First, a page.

Fists of furry

The en­dear­ing Kung Fu Panda will de­light all kids and adults, writes Michael Dwyer

The Irish Times - Friday - The Ticket - - Reviews Film -

KUNG FU PANDA Di­rected by John Steven­son and Mark Os­borne. Voices of Jack Black, Dustin Hoff­man, An­gelina Jolie, Ian McShane, Jackie Chan, Seth Ro­gen, Lucy Liu, David Cross, Ran­dall Duk Kim, Dan Fogler, Michael Clarke Dun­can PG cert, gen re­lease, 95 min SET IN an­cient China, back in the days when most peo­ple in that land had Amer­i­can ac­cents, the ex­u­ber­ant Kung Fu Panda is the latest an­i­mated fea­ture from DreamWorks, which brought us the Shrek fran­chise. The an­i­ma­tion is much more at­trac­tive in the new film, which mer­ci­fully jet­ti­sons the jaded, know­ing movie ref­er­ences that abounded in the Shrek tril­ogy.

Jack Black pro­vides the voice of Po, an obese panda in the myth­i­cal Val­ley of Peace. An ami­able, in­do­lent slob, Po leads a mun­dane life work­ing in the noo­dle shop run by his dad, a goose named Mr Ping and voiced by James Hong.

Never hap­pier than when he’s stuff­ing his face, Po rev­els in vivid dreams, imag­in­ing that he’s a vir­tu­oso ex­po­nent of kung fu. Through a for­tu­itous fluke, he is cho­sen as the val­ley’s long­proph­e­sied Dragon War­rior by Oog­way (Ran­dall Duk Kim), a sage tur­tle who is 1,000 years old, speaks in adages and, we are told, ac­tu­ally in­vented kung fu.

Po can’t be­lieve his luck when he gets to study the high-kick­ing art with the lo­cal su­per­star team known as the Fu­ri­ous Five. They are a ti­gress (An­gelina Jolie), a viper (Lucy Liu), a man­tis (Seth Ro­gan), a crane (David Cross) and a mon­key (Jackie Chan). Kung fu mas­ter Shiftu (Dustin Hoff­man), a per­fec­tion­ist rac­coon, is dis­mayed, but he re­luc­tantly takes on Po as a pupil. Pre­dictably, pan­de­mo­nium en­sues.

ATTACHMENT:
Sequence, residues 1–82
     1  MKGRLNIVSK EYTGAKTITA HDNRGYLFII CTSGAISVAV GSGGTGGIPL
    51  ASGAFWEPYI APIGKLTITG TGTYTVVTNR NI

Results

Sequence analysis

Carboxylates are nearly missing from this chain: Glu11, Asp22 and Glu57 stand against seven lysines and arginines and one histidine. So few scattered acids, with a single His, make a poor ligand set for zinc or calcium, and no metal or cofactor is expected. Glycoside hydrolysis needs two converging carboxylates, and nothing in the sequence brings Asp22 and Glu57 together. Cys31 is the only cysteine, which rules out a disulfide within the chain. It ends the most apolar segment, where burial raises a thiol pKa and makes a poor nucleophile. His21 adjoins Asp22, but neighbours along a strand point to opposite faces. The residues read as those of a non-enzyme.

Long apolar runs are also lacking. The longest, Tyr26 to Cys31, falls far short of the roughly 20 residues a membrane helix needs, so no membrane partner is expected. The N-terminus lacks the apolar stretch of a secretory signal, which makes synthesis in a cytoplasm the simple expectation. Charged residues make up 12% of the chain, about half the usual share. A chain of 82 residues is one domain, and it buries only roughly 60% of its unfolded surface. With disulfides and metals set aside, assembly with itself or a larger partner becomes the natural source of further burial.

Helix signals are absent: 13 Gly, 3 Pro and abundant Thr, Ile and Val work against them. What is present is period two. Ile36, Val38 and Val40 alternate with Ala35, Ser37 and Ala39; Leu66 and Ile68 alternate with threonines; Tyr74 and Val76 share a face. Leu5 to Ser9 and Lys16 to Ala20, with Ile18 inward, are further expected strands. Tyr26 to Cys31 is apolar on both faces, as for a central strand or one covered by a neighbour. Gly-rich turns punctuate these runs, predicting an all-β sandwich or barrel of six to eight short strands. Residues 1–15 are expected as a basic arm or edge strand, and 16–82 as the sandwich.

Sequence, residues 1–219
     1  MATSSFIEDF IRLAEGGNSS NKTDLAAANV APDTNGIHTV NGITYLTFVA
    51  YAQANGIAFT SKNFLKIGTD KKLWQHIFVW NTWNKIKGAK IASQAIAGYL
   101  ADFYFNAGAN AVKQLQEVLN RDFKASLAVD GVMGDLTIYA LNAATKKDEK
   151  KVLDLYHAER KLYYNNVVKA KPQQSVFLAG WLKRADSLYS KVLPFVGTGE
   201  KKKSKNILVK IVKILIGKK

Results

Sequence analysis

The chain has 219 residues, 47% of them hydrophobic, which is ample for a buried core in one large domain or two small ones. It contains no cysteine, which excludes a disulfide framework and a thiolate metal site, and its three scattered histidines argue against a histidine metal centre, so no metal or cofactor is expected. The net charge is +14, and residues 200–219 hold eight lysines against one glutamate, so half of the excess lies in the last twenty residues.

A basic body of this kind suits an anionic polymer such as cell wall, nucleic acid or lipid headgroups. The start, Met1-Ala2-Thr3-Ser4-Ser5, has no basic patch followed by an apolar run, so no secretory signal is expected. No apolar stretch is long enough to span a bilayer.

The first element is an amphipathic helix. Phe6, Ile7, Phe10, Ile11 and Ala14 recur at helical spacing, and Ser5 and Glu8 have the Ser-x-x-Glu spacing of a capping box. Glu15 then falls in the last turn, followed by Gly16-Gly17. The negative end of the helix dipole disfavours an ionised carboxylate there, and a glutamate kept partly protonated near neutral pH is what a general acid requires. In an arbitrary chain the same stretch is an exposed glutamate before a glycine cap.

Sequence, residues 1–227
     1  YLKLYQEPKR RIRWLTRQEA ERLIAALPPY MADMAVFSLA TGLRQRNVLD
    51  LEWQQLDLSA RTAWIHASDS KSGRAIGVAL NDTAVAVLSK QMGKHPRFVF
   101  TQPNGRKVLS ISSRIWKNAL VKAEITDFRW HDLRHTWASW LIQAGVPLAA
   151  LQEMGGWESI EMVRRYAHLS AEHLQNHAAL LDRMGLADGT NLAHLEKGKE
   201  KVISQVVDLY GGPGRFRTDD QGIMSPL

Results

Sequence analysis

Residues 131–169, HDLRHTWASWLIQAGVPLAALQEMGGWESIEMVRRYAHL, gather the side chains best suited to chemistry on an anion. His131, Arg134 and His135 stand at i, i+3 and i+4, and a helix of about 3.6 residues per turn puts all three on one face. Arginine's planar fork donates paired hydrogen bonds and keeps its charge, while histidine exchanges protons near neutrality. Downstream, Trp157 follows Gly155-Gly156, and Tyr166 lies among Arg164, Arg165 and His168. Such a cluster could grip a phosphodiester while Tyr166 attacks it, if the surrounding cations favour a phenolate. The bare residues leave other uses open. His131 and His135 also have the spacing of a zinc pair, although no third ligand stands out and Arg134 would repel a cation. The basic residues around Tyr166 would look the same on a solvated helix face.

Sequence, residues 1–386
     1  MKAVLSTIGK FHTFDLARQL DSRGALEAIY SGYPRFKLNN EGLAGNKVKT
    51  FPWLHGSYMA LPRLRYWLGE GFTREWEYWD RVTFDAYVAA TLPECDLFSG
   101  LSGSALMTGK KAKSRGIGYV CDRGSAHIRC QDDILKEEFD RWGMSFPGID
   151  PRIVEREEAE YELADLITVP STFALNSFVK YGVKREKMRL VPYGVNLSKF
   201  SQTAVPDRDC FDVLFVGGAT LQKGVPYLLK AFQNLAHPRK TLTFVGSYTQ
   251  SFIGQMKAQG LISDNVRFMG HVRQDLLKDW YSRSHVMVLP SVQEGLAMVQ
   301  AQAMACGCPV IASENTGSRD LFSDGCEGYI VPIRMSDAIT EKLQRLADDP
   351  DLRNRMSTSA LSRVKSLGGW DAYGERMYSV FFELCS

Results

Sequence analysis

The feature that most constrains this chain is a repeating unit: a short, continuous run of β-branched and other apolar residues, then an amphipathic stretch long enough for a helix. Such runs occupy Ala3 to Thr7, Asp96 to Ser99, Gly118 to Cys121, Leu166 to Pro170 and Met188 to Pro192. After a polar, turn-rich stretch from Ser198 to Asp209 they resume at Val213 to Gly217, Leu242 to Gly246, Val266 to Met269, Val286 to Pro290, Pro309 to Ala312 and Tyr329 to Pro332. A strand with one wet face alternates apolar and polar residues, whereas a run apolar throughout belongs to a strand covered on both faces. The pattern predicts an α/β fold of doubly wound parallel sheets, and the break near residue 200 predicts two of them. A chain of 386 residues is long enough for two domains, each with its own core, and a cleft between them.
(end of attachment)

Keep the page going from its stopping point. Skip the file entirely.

By com­plete co­in­ci­dence, treach­er­ous snow leop­ard Tai Lung (Ian McShane) is plot­ting to es­cape from a max­i­mum-se­cu­rity moun­tain prison and seek­ing re­venge on the pop­u­lace of Po’s peace­ful vil­lage. Roly-poly Po makes for the most un­likely screen ac­tion hero since, well, last week when An­gelina Jolie re­cruited James McAvoy as an ac­coun­tant-turned-as­sas­sin in Wanted. Against all the odds, the pouchy fighter finds his hid­den dragon.

Kung Fu Panda is an un­de­mand­ing en­ter­tain­ment rooted in the in­spi­ra­tional phi­los­o­phy of self-be­lief and the won­ders that can achieve, how­ever im­plau­si­ble. “You just need to be­lieve,” Oog­way gravely in­tones. His lines could have been bor­rowed from for­tune cook­ies – or from any num­ber of re­cent an­i­mated movies – but the story of Po is so sweet- na­tured and ap­peal­ing that it gets away with that.

Any­how, that’s al­most be­side the point in this breezy yarn, which pro­ceeds at an en­er­getic pace to a jaunty Hans Zim­mer score. Its four screen­writ­ers and two direc­tors ex­hibit an ev­i­dent re­spect and af­fec­tion for kung fu movies, and they em­bel­lish the film with strik­ing vis­ual de­tails and stylis­tic flour­ishes, and com­puter-gen­er­ated an­i­ma­tion proves ideally suited for stag­ing the most out­landish ac­ro­bat­ics.

Set against eye-catch­ing land­scapes, the movie or­ches­trates vig­or­ous ac­tion se­quences in hand­some widescreen com­po­si­tions. One of the most elab­o­rate in­vokes that ven­er­a­ble sta­ple of com­bat along a rope bridge. The most amus­ing is os­ten­si­bly the sim­plest and in­volves Po and Shiftu in a fren­zied duel over a dumpling – in which the weapons are chop­sticks.

There is noth­ing here to scare or dis­turb the youngest of cin­ema­go­ers, and plenty to amuse ac­com­pa­ny­ing adults.

Po, c’mon: Jack Black voices the hero in Kung Fu Panda

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